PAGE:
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Do's and Don'ts of Getting Your Credit Ready to Buy a Home in Colorado

However, there’s more to moving than finding your dream home. You have to consider the location, how much you can afford, and what loans you may qualify for. One of the most important factors in determining what mortgage you qualify for, and the rate you receive, is your credit score and credit history.

This is why we put together a list of Do’s and Don’ts of getting your credit ready to buy a home in Colorado.

Do: Know Your Credit Score

Your credit score is a large determining factor when it comes to the mortgage you will qualify for. If your score is extremely low, you may be turned away for the loan completely. At the very least you’ll end up paying more for the home you want. Even 0.5% higher interest rate means paying nearly $10,000 more on a $500,000 loan.

You should start the process of going through your credit score at least 3 months prior to applying for a mortgage. This should give you enough time to settle any errors, pay down some of the debt, and work with creditors to increase your score.

Don’t: Pay Off Old Collections Debt

This may seem counterintuitive, but the truth is paying off collections debt that is 3-5 years old can actually cause your credit score to go down. It can also reflect negatively on your credit history.

Many times when you pay off old collections, the debt resurfaces as if it happened recently. This isn’t a problem if you start the process of repairing your credit a year or more in advance. However, avoid doing this if you’re planning on applying for a mortgage within the next 3-6 months.

Something else to be aware of is paying off collection debt that is past the statutes of limitations. In Colorado, this timeframe is 6 years. This means is you are no longer liable for the debt if it hasn’t been collected within 6 years. Paying off a debt that has expired might cause your credit score to drop and you’ll be throwing money away that could go towards your down payment, or at least a new couch for your new home.

Do: Pay Down Your Debt

Paying down your debt will increase your credit score and look good on your credit report. The lower your Debt-To-Income (DTi) ratio is, the better offer you’ll get on a mortgage. This includes a lower interest rate and increased amount you may be offered.

Paying your debt off and keeping your DTi as low as possible during the homebuying process, and leading up to it, can help lead to a smooth experience in getting your mortgage approved.

Don’t: Close Your Credit Accounts

While paying down your debt is one of the best ways to increase your credit score and help with qualifying for a great mortgage, closing those accounts can have the opposite effect.

It may seem odd, but by closing your accounts, you actually increase your DTi ratio, since your credit limit decreases. This doesn’t apply so much if you completely pay off your debt, but still make sure to keep one or two cards open and active in order to continue to build your credit history.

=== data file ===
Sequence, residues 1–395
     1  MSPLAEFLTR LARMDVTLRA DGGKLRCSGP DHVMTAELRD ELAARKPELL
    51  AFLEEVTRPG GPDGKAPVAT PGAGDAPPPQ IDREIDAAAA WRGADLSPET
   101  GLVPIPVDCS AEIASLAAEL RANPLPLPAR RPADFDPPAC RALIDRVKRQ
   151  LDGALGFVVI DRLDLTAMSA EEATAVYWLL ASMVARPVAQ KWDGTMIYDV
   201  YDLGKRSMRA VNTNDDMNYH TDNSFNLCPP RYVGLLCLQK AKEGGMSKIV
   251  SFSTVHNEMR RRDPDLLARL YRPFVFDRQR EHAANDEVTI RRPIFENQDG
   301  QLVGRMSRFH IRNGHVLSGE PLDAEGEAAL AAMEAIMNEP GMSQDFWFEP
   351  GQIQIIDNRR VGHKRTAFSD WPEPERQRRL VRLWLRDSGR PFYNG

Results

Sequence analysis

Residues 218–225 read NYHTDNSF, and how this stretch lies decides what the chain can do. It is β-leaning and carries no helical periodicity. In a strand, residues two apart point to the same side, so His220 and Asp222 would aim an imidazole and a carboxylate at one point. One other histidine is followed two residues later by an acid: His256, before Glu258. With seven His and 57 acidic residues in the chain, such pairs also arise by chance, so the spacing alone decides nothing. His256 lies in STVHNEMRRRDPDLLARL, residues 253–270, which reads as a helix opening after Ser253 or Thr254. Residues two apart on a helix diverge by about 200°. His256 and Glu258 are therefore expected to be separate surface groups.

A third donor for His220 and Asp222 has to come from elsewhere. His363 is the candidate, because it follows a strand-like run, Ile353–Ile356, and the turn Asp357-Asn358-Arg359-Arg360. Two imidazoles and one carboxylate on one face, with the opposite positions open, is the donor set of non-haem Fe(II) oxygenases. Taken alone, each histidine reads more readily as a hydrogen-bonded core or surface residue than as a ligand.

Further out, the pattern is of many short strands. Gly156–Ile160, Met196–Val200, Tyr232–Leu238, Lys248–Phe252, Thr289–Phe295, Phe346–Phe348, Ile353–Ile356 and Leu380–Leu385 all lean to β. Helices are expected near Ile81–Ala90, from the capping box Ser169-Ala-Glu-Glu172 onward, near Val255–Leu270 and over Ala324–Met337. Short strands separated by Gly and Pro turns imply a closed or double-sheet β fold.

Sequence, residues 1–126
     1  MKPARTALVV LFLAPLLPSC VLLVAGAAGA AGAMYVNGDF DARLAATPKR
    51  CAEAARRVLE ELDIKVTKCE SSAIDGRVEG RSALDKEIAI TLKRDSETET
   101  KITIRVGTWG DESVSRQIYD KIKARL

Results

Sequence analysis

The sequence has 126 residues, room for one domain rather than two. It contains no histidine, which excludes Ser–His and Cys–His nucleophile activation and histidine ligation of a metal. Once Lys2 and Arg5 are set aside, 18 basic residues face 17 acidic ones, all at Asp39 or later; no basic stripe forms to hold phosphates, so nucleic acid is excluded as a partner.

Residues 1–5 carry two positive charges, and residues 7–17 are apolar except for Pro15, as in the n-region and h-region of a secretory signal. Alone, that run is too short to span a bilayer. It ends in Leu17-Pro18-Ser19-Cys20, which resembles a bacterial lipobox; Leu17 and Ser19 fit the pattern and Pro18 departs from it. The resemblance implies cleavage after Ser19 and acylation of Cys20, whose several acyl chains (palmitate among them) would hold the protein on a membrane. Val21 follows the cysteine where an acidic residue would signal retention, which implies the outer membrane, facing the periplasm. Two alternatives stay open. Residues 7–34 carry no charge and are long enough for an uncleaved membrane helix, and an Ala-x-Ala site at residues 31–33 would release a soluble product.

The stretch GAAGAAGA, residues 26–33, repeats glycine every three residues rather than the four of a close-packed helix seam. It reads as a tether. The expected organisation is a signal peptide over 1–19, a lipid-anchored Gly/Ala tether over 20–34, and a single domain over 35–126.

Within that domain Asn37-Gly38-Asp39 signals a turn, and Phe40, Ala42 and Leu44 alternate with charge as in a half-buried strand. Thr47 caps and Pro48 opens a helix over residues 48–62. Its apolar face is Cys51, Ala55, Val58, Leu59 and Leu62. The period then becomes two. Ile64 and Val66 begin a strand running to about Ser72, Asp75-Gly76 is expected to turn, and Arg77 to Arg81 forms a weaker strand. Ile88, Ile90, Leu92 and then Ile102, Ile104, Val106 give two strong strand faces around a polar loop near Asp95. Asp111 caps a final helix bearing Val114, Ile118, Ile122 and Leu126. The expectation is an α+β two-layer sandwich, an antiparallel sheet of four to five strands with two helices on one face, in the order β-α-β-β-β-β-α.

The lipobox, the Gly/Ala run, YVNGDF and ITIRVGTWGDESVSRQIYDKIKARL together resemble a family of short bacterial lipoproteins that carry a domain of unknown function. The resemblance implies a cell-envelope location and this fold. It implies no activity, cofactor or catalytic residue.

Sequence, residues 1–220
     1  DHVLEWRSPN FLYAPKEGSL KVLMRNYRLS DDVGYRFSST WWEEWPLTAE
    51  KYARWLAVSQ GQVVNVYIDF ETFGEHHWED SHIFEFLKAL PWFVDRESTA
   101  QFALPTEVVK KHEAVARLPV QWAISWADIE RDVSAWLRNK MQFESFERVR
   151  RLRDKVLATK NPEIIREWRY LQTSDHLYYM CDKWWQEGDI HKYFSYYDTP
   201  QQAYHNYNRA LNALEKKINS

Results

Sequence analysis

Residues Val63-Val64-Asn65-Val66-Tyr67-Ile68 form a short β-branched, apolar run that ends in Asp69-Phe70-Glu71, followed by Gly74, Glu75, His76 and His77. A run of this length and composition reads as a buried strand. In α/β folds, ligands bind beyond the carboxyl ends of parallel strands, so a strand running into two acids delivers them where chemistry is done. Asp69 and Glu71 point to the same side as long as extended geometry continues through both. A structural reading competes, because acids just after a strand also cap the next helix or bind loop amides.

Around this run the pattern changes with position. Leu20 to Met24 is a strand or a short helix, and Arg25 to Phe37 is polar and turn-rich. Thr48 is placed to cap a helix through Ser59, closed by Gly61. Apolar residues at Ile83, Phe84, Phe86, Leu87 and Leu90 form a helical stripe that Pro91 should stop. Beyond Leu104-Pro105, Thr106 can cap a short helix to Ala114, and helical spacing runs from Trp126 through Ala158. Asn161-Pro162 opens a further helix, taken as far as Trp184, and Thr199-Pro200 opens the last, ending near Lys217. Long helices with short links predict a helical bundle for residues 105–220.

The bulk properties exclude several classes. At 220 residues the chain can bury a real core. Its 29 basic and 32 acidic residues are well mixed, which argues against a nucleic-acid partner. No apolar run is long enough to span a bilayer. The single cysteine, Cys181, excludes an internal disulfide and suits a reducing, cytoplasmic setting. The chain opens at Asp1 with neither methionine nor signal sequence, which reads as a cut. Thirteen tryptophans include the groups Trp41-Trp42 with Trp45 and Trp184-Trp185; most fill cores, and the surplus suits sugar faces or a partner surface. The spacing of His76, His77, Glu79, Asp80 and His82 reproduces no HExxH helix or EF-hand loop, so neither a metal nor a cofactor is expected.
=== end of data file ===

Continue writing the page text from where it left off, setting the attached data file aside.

Another thing to consider is how long your credit accounts have been open. If you have credit accounts that have been active for a long time it reflects well on your credit history. This shows that lenders can trust you to not only pay off your debt but also that you’ll most likely be a long-term borrower.

Do: Communicate Closely With Your Realtor/Loan Officer

This one comes in closer to the actual house buying process, but is still very important. Make sure to keep a good line of communication open with your realtor and/or loan officer. They can help find solutions for many problems that might come up. They are professionals within the industry and can generally provide guidance and support to help you get your credit to where it needs to be.

Don’t: Use Credit Repair Organizations To Dispute All Negative Accounts

Credit Repair Organizations have become more and more popular over the past 10 years, but the truth is they can cause more problems than they solve when it comes to qualifying for a mortgage.

While having all of your negative accounts disputed may raise your credit score initially, it’s a bad tactic and a huge red flag to lenders. It isn’t a bad thing to dispute a few legit negative accounts and get them fixed, but the more you try to get rid of, the bigger of an issue it may be. Some lenders will require you to provide proof that these disputes are legit, while others will turn you down without question.

Start Working On Your Credit Now
It’s never too early to start thinking about getting your credit in shape, especially if you’ve had a lot of problems in the past. While many problems can be fixed, or at least lessened, within a few months, others will take time. This is especially true if you have a high DTi and need to concentrate on paying down the debt.

Your credit score can affect a lot of things in life, but none more drastically than buying a new home. The last thing you want is for a low score to cause you to pay tens of thousands of dollars extra, or worse lose out on your dream home altogether.

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